HONG KONG/SYDNEY (Reuters) - Australia is pulling staff out of federal departments to help its foreign investment regulator manage a deluge of work since announcing tougher policing of cross-border transactions in the COVID-19 pandemic, the Treasury department told Reuters.
The Australian Treasury department and Australian Taxation Office (ATO) supply the staff of the country’s Foreign Investment Review Board (FIRB), which makes recommendations about whether to approve overseas buyouts of Australian interests.
Since the government ordered a shutdown of most public activity to contain the coronavirus in March, a host of Australian businesses have hired administrators or seen their shares tumble. That has led to more offers by foreign investors for troubled Australian assets.
The government has responded by removing most thresholds required to need FIRB approval, increasing the number of approvals required. Exactly how many more are needed is not clear.
“Treasury and the ATO have each redeployed internal staff or brought in additional staff to manage the workload associated with the substantial increase in applications since the zero dollar threshold was announced on 29 March 2020,” a Treasury spokeswoman said in an email on Tuesday.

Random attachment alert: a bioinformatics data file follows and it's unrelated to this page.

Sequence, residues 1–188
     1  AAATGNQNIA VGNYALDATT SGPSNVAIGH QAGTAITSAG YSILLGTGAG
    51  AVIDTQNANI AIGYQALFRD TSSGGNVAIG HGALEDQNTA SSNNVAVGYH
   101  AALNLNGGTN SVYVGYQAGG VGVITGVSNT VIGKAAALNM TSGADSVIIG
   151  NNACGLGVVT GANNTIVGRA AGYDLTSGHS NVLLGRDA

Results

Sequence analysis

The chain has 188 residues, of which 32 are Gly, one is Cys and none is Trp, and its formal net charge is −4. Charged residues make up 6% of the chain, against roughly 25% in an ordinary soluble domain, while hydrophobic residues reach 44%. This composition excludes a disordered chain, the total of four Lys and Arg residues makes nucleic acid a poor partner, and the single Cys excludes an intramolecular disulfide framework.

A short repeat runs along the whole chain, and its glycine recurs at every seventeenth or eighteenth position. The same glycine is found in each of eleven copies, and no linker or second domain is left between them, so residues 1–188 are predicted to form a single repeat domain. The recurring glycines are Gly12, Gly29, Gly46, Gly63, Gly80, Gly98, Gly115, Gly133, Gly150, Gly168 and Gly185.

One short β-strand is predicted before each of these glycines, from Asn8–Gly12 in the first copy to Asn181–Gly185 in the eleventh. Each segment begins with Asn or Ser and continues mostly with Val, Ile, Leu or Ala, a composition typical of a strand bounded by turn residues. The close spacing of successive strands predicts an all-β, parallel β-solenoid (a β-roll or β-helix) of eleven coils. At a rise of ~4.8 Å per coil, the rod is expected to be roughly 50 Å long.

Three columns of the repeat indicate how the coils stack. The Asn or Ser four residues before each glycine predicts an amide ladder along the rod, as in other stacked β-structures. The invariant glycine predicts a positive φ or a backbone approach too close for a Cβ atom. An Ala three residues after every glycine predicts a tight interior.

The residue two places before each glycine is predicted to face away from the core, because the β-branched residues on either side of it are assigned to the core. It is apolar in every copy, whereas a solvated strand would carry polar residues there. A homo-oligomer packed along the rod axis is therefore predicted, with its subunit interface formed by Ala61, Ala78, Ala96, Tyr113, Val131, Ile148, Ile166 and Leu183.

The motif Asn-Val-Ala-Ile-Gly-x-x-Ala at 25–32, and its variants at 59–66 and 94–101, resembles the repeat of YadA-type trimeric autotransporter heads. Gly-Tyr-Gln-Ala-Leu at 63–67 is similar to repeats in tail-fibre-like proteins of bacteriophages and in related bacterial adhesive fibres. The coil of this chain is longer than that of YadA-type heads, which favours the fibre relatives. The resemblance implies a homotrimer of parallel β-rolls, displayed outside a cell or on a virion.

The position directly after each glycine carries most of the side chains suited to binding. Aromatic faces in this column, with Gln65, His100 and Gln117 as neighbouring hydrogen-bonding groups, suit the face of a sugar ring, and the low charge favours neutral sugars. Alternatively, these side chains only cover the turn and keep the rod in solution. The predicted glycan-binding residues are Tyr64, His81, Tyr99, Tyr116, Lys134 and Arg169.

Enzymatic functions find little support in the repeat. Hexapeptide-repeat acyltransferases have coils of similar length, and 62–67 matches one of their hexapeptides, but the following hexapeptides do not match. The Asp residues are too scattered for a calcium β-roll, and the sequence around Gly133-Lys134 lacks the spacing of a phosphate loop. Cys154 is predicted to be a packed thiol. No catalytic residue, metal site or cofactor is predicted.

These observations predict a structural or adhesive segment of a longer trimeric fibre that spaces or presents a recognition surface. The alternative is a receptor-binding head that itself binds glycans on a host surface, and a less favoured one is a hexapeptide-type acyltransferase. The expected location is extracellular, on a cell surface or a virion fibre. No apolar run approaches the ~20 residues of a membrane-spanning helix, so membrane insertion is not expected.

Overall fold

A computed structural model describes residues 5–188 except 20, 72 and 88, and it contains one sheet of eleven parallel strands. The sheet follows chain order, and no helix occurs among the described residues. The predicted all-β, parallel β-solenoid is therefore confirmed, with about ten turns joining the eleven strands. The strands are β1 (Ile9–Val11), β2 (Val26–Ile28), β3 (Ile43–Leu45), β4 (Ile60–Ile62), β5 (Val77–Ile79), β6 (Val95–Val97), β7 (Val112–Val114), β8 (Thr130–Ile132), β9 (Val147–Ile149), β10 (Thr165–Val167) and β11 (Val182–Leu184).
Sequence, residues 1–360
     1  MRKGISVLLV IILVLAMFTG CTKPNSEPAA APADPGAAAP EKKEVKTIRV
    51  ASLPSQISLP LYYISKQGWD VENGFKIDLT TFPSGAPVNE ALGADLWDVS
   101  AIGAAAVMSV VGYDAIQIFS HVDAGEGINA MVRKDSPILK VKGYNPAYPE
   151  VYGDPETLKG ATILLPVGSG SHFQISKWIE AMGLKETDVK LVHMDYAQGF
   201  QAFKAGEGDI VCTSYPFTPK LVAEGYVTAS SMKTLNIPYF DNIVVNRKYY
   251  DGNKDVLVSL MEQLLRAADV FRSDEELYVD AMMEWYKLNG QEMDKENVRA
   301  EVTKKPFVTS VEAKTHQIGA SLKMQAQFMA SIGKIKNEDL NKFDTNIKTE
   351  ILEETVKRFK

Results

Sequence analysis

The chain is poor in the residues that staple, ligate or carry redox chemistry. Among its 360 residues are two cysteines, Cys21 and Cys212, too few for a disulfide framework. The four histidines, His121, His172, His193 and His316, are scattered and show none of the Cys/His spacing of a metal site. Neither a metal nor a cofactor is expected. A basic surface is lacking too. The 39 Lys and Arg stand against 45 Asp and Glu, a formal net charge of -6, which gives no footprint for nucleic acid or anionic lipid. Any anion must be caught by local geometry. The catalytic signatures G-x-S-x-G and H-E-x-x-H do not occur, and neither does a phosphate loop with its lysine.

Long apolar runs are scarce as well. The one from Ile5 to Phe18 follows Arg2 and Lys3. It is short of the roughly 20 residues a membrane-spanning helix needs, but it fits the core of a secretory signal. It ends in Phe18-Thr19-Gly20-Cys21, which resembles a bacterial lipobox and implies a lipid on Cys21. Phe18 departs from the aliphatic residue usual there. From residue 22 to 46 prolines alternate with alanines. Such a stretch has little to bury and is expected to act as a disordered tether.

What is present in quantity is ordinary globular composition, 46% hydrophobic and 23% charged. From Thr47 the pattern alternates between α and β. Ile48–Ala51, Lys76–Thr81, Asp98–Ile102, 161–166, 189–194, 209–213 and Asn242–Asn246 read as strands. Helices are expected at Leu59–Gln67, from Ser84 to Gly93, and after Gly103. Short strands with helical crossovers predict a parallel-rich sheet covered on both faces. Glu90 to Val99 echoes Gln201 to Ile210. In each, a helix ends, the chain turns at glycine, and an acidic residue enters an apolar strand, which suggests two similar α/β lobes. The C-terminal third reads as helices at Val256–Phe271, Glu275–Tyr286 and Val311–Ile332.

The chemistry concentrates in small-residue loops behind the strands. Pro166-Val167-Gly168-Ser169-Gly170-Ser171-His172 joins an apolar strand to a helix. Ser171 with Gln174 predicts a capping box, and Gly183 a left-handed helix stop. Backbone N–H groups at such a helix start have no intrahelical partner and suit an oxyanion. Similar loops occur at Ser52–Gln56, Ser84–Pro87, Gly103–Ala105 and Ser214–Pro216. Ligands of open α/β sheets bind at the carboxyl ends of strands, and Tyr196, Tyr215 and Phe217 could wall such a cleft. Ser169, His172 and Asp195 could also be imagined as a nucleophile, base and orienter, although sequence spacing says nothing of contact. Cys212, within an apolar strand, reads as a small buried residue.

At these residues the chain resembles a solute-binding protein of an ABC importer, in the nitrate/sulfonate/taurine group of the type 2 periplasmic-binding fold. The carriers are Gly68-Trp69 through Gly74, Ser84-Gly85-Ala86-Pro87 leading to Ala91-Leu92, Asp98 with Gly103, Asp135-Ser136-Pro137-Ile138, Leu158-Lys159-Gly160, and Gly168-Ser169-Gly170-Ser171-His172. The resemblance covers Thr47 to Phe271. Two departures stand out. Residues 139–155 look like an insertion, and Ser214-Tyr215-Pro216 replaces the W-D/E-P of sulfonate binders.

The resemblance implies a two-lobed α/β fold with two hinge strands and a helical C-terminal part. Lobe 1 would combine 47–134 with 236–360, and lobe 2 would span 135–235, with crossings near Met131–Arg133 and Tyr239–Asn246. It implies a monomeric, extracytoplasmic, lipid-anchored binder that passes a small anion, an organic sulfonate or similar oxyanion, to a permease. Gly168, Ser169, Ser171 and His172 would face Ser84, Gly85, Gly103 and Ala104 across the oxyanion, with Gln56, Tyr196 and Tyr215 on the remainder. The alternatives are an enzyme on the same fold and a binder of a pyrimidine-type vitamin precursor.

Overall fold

The spokeswoman did not say how many additional staff were being moved into FIRB. The oversight body was run by 55 Treasury staff and 67 ATO staff in 2019, according to its last annual report.
The changes to the threshold mean the waiting time for applications to be approved has slowed from an average of six weeks to at least eight to ten weeks, according to one corporate lawyer in Sydney.
The lawyer could not be named because he was not authorised to speak to media.
Under FIRB’s new oversight regime, all foreign investors face greater scrutiny when bidding for sensitive assets, regardless of the size of the deal and whether the buyer is private or state-owned.
The Treasurer also gets the power to change or impose conditions on a deal or force a sale after the deal has been approved by FIRB.
The federal government said when it unveiled the changes that it would spend an additional A$50 million to enforce the rules, which are expected to take effect in 2021.
Reporting by Scott Murdoch in Hong Kong and Byron Kaye in Sydney; editing by Larry King